It is entirely possible I am the only one who really cares about Resident Evil 6 today, although I imagine other RE fans like myself are possibly revisiting the game in the last weeks of June as the game's actual timeline places most of the big action during this period. A pity the cool BSAA phones everyone uses in the game aren't real! But I guess I'll accept not having holographic phones in this universe if it also means being safe from horrendous mutating viruses.
All of the following gameplay was on the PC edition of the game, which I jumped to after it was released. For the record, the PC version plays and feels much tighter than the Xbox 360 version, and looks better too. But we all knew that! It's a given, PC trumps console, hardly worth pointing out.
The Jake Muller campaign is the third of four campaign arcs that intertwine through the convoluted yet somehow simple Resident Evil 6 story line. Jake Muller is the illegitimate love child of the late Albert Wesker (last seen in RE 5 in the bottom of a volcano) and some unnamed woman of German or Austrian ancestry (if the last name is anything to go by). Jake is young blood in a game where the lead characters are all pushing 35 or older, at minimum (which means Leon and Chris are positively geriatric by Japanese RPG hero standards!) so presumably he and his companion Sherry Birkin (the little girl from RE 2) are destined to be primary heroes for the future of the RE universe...assuming Capcom doesn't get a wild burr up its ass and decide to reboot the franchise, which would be a silly decision in my opinion. The RE franchise works really well with history, and rebooting what has come before means chucking a load of amusing, interesting and occasionally disturbing and horrifying back-story, which can add plenty of grist for the mill to future entries in the franchise.
Since Capcom added an amateur hour difficulty setting to RE 6 title it's been a lot more fun to play and consequently the really wacko QTE events don't even stand out now because they barely exist as a thing for player's on Newb difficulty. As a result, I enjoyed the Jake campaign with almost zero stress and very few deaths; the hardest elements of the campaign were usually with screwing up on the "running away controls" for those moments when the massive brute-mutant Ustanak is chasing you. I could bump myself back up to normal difficulty for more of a challenge....but why bother? This game's control scheme is just wonky enough that there seem to be only two difficulties to start: "cakewalk," followed by "smash controller in rage at another senseless death caused by bad camera/control schemes with unavoidable deaths that can only be beaten through severe repetition" mode. They shorten that last mode's title to "normal" because it's hard to put all that on one icon to click.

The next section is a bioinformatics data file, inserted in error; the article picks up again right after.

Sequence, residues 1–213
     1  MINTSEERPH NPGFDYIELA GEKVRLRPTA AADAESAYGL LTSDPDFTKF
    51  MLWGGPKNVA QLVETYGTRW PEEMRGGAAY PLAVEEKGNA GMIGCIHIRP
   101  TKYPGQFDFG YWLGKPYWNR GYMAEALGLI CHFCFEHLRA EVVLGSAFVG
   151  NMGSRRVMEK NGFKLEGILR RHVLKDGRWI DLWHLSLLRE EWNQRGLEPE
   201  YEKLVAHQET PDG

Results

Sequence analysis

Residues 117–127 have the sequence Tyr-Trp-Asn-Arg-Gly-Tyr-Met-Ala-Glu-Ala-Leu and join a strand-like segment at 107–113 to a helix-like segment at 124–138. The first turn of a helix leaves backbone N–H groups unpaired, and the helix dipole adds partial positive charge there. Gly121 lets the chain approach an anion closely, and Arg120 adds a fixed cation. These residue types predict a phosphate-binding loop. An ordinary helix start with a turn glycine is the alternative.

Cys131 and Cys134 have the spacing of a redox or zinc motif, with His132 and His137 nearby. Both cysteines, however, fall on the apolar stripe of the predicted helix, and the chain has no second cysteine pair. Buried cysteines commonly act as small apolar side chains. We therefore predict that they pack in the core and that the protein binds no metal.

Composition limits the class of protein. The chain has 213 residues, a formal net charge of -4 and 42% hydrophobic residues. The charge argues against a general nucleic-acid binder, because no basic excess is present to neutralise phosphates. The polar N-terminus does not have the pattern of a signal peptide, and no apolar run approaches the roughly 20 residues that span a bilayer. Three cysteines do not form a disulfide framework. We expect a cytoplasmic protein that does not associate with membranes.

But to summarize: read some other RE 6 reviews that mention the Jake Muller campaign. They usually complain about how painful the unarmed combat is, especially when you start meeting the rasklapanje for the first time. I can personally attest to the fact that the part in the Leon Kennedy campaign where you meet the rasklapanje (on normal mode) was insanely painful. Well, the good news is on easy difficulty the unarmed combat isn't just fun, its almost preferable to anything else, which is amusing since in easy mode you will never run out of ammo, and therefore fighting with unarmed style is purely an aesthetic choice.
Anyway, the Jake Muller campaign is all about a young, angry dude who's gotten into the privatized mercenary army lifestyle. He's on the wrong side this time, working with the J'avo in Serbia where Chris Redfield and other BSAA agents are basically at war with the terrorists. There's a lot of unspoken backstory in the RE 6 story, some of which you'll get to see if you persevere and find the mysterious serpent tokens hidden throughout the game. This is a huge flaw with the game; it should have liberally splashed endless notes, historical bits and dossiers all over the place for people to find rather than "gating" it behind hard-to-find tokens that allow you to access this info only when not actually playing. Some of this backstory revolves around various armed militias that have taken to securing bio-organic weaponry, which they in turn adopt in cult-like fashion to suffuse themselves with the stuff of super-soldiers (at least until they start mutating...)